Immune inactivation of anti-simian immunodeficiency virus chimeric antigen receptor T cells in rhesus macaques

Françoise Haeseleer, Yoshinori Fukazawa, Haesun Park, Benjamin Varco-Merth, Blake J. Rust, Jeremy V. Smedley, Karsten Eichholz, Christopher W. Peterson, Rosemarie Mason, Hans Peter Kiem, Mario Roederer, Louis J. Picker, Afam A. Okoye, Lawrence Corey

Research output: Contribution to journalArticlepeer-review

5 Scopus citations


Chimeric antigen receptor (CAR) T cell therapies are being investigated as potential HIV cures and designed to target HIV reservoirs. Monoclonal antibodies (mAbs) targeting the simian immunodeficiency virus (SIV) envelope allowed us to investigate the potency of single-chain variable fragment (scFv)-based anti-SIV CAR T cells. In vitro, CAR T cells expressing the scFv to both the variable loop 1 (V1) or V3 of the SIV envelope were highly potent at eliminating SIV-infected T cells. However, in preclinical studies, in vivo infusion of these CAR T cells in rhesus macaques (RMs) resulted in lack of expansion and no detectable in vivo antiviral activity. Injection of envelope-expressing antigen-presenting cells (APCs) 1 week post-CAR T cell infusion also failed to stimulate CAR T cell expansion in vivo. To investigate this in vitro versus in vivo discrepancy, we examined host immune responses directed at CAR T cells. A humoral immune response against the CAR scFv was detected post-infusion of the anti-SIV CAR T cells; anti-SIV IgG antibodies present in plasma of SIV-infected animals were associated with inhibited CAR T cell effector functions. These data indicate that lack of in vivo expansion and efficacy of CAR T cells might be due to antibodies blocking the interaction between the CAR scFv and its epitope.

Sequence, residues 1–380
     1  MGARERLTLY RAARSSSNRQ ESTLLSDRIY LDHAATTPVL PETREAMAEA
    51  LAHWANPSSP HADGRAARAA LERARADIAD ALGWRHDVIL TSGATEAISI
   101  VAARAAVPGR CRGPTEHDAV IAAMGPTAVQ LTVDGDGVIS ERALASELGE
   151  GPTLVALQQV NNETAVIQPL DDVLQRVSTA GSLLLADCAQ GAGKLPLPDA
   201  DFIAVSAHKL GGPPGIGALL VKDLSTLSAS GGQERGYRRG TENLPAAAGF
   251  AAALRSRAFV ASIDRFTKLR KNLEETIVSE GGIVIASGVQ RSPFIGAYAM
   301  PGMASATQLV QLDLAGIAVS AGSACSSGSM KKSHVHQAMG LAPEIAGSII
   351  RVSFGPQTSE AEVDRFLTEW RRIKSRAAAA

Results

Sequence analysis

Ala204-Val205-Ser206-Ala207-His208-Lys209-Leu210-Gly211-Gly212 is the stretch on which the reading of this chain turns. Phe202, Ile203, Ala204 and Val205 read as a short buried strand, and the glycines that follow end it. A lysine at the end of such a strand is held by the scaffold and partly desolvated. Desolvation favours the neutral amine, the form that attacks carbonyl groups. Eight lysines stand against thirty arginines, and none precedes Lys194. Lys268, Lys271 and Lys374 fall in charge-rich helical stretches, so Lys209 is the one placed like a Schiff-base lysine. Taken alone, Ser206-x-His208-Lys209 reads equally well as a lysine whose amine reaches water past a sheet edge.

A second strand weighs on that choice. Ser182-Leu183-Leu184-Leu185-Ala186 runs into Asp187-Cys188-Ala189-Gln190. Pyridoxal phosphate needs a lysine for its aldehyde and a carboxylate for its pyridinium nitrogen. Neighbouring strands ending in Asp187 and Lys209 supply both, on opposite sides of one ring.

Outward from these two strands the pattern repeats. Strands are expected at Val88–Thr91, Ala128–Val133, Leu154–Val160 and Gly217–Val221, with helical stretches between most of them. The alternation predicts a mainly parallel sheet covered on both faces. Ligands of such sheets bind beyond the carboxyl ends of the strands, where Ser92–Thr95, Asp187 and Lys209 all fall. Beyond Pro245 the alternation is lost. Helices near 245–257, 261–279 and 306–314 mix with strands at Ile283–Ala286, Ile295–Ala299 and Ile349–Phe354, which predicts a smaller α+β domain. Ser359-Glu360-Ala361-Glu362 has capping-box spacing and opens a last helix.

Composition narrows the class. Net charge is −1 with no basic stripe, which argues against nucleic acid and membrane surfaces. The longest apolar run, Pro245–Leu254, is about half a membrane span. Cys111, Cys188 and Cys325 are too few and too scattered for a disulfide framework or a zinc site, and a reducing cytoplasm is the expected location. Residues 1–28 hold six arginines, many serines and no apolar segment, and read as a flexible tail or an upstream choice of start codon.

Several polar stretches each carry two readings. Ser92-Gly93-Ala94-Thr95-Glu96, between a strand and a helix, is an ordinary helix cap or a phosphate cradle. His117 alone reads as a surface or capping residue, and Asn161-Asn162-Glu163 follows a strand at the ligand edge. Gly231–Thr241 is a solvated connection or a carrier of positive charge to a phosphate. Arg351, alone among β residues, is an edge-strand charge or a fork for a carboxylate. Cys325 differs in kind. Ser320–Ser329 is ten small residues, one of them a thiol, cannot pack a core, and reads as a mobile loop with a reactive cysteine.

Original languageEnglish (US)
Pages (from-to)304-319
Number of pages16
JournalMolecular Therapy Methods and Clinical Development
StatePublished - Sep 10 2021


  • CAR T cells
  • HIV
  • SIV
  • autologous cell therapy
  • humoral immune response
  • infectious diseases

ASJC Scopus subject areas

  • Molecular Medicine
  • Molecular Biology
  • Genetics


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